Serdyukov's Sad State of Affairs
- By Yulia Latynina
- Oct. 31 2012 00:00
- Last edited 20:31
After filing criminal charges against opposition figures, the Investigative Committee announced that it would open an embezzlement case against top officials in the Defense Ministry. The main focus of the investigation is against Yevgenia Vasilyeva, the ministry's former property department head. Meanwhile, Lifenews.ru — the same news site on which the authorities published videos taken from hidden cameras of opposition figures having sex — reported that when investigators came to Vasilyeva's apartment at 6 a.m., they also discovered Defense Minister Anatoly Serdyukov there.
Serdyukov's enemies rushed to speculate that the criminal case was the prelude to his dismissal.
My prediction, however, is that Serdyukov will not be fired. I say this because President Vladimir Putin never uses criminal cases as a pretext for firing subordinates. In fact, he is more likely to give them awards and promotions for breaking the law than he is to fire them. Criminal charges are a typical weapon that members of political clans use against each other to settle disputes.
Although Serdyukov is one of the most capable officials in Putin's regime, he owes much of his career success to his family connections. Serdyukov's father-in-law is former First Deputy Prime Minister Viktor Zubkov, who is a Putin protege and was instrumental in creating the Ozero dacha cooperative.
Putin may not want to fire Serdyukov, but apparently he cannot turn down personal requests from Zubkov to publicly embarrass Serdyukov by sanctioning the morning police raid. After all, Serdyukov reportedly crossed the line by humiliating Zubkov and his daughter.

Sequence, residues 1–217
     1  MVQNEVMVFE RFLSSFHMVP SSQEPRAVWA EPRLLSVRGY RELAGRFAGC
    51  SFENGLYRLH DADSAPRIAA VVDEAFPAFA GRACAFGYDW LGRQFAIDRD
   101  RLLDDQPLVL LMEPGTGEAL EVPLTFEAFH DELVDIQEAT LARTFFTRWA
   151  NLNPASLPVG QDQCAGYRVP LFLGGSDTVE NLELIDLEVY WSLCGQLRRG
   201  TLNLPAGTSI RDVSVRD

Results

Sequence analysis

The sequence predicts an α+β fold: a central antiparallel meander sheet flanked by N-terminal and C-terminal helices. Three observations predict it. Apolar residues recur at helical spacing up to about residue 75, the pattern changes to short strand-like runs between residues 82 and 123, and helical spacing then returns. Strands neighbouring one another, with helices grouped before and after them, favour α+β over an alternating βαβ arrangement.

It is difficult to say why Vasilyeva is being targeted, but it could be because she is actually living in an apartment below Serdyukov's and that Zubkov thought the affair had gone too far. A raid on Vasilyeva's apartment at the crack of dawn is a clear signal to everyone about exactly what crime Serdyukov is accused of committing. Putin's suggestion to Serdyukov that he should "cooperate with the investigation" really means that he should reach some sort of agreement with his father-in-law.
Before Serdyukov took over as defense minister, the army had accumulated huge military and nonmilitary assets. The army owned everything from fighting machines to cement factories, from bombs to construction companies, from barracks to expensive Moscow real estate. As a result, the army was caught between the mutually exclusive goals of either managing its properties or ensuring that troops were fit for combat.
Serdyukov was the first defense minister who dared sell off some of these assets, thus provoking the anger of generals who had been profiting from these ventures. Knowing Serdyukov and taking into account the nature of Russia's kleptocracy, there is little doubt that he turned a nice profit for himself when he sold off these assets.
I don't think Serdyukov will lose his job. Putin simply has too few officials who are capable of actually doing anything. But the really detestable part is that Vasilyeva will probably go to jail — not because she is a thief, but because of her purported relationship with Serdyukov. All of these embarrassing, soap-opera intrigues are an accurate reflection of Putin's inner circle and the Investigative Committee.